Referring to Ivan Illich’s concept of deschooling, Prof Harijan says that educating children in schools makes them weak. Schools do not make them rational. They turn them into herds. The universities are producing only slaves. The teachers are also slaves. They have to adhere to the guidelines issued by University Grants Commission (UGC) and the Department of Higher Education. There is nothing wrong with the guidelines per se, but if they curb our liberty and create problems for us, they are not welcome.   

It is up to the teachers to get grants

Prof Harijan says that according to the latest university rankings, Allahabad University does not figure even among the top 200, while the JNU is among the top five. That is because the professors at JNU organize research seminars. That brings grants to the university. Pressure should be mounted on the teachers to bring in more grants. Why burden the students? We need to understand why the grants to the university are getting slashed. The UGC has constituted a committee called National Assessment and Accreditation Council (NAAC). It has laid down a set of seven parameters and it grades universities on the basis of their performance on these parameters. 

According to Prof Harijan, AU lags behind on all the parameters, resulting in a B+ grade. “The performance of the JNU was excellent on all the parameters, hence it did not face any cuts in the grants. The onus is on the professors to obtain a good university ranking and hence generous grants. If a professor organizes a seminar, the credit for it goes to the university, and improves its rankings. If it is an international seminar, the university gets more points. Each paper written by a professor in an international journal contributes to the ranking of the university. For establishing a chair, separate funds are allocated to it. The different departments of Jamia Millia Islamia, New Delhi, have hundreds of centres. If you establish, say, an Ambedkar Chair, the Government of India grants lakhs, even crores of rupees to the University. And these grants are in addition to the UGC grant. The Ambedkar Foundation establishes chairs in universities for promoting Babasaheb’s thinking. It has a chair in JNU but not in AU. Similarly, there are separate funds for the Jotirao Phule Chair. You also receive grants from international bodies.” 

Prof Harijan cannot emphasize enough that organizing global seminars is the way to get funds. “The lack is in the teachers, not the students. The teachers fail to shape the students into world-class researchers. If a university creates opportunities for its students and faculty members to participate in conferences and workshops with international scholars, they can secure international grants too. It could be students or teachers participating in seminars organized by foreign universities, or holding exchange programmes with them. Only then will a university grow.” 

Prof Harijan said that the Govind Ballabh Pant Social Science Institute, despite being a constituent of the Allahabad University, has a much better reputation. “Ramchandra Guha, Prabhat Patnaik and others come for guest lectures there, and a Jagjivan Ram chair is being discussed. Seminars are frequently organized – the recent ‘National Seminar on Culture and Heroes’ comes to mind. Badri Narayan, the director, had established a Dalit Resource Centre with grants from the Ford Foundation amounting to crores of rupees. Why can’t Allahabad University professors apply for grants to the Ford Foundation? Maybe because they don’t get a proper environment, or maybe because of discrimination and disputes.”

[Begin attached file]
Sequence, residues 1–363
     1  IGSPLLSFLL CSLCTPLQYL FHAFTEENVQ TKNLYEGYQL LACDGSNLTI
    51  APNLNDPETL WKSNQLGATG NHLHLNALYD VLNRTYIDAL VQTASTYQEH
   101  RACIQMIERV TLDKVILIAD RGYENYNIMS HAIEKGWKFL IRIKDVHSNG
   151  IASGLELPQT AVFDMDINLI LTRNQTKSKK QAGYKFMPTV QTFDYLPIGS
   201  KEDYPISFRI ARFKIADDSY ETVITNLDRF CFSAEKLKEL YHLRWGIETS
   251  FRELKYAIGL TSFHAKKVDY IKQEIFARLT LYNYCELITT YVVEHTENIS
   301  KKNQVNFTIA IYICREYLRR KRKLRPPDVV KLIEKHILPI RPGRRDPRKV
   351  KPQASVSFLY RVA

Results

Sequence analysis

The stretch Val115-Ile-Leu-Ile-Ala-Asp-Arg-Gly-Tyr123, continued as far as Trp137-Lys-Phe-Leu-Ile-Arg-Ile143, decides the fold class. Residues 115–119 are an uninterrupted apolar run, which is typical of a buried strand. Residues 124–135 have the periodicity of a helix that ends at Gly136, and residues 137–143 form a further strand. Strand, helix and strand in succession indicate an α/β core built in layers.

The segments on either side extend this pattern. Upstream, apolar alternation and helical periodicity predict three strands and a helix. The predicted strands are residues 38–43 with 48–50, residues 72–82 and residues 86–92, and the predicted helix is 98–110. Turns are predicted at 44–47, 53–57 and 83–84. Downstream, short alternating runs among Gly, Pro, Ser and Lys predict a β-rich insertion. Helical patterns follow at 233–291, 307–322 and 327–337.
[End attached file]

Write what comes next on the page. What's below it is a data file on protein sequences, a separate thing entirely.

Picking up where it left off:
Counselling centre, grievances redressal cell 

Prof Harijan says that the focus should on the holistic development of students, which is lacking at AU. “There should be a grievance redressal cell for students, with a special arrangement for girl students who face issues that they hesitate to share even with their parents. Unless a student gets an opportunity to bloom, how can he or she do quality research? Students should get textbooks for free – just like it happens in primary schools. Scholarship amounts should be raised and every student should get a scholarship. Not every student can make the cut for JRF [Junior Research Fellowship]. For a student to be able to focus on education, financial problems must be put out of the way by the university administration. But arranging money is the biggest issue for the students at AU.” 

Prof Harijan is concerned about the future of central universities. He says that the Government of India’s policy of commercialization of universities is a big problem. “A loan of Rs 4.5 lakh crore has been extended to JNU. The Delhi University has been loaned Rs 6.5 lakh crore. This is an attempt to mortgage the universities. You can imagine what will happen when the time for repaying the loan comes. The GoI wants to commercialize public universities. That is why self-finance courses have been launched. That is why loans are being given and private universities are being established. Who can study at a Jindal University or a Lovely Professional University? Only students from elite families. Earlier, too, only children of the elite could study. Privatization is creating a new kind of Varna system. Only the children of the moneyed will be able to study.” 

Countries with free education high on human development index

Prof Harijan says that education is completely free from the primary up to the highest level in countries like Denmark, Sweden, Spain and Czech Republic, and these countries rank high in human development and happiness indices. “In other words, countries with free education are advanced. Where education is expensive, there is no happiness either.” 

(Translated from the Hindi original by Amrish Herdenia)


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About The Author

Sushil Manav

Sushil Manav is an independent journalist and a litterateur. He is also engaged in the sociopolitical activism of labourers in Delhi and the rest of the National Capital Region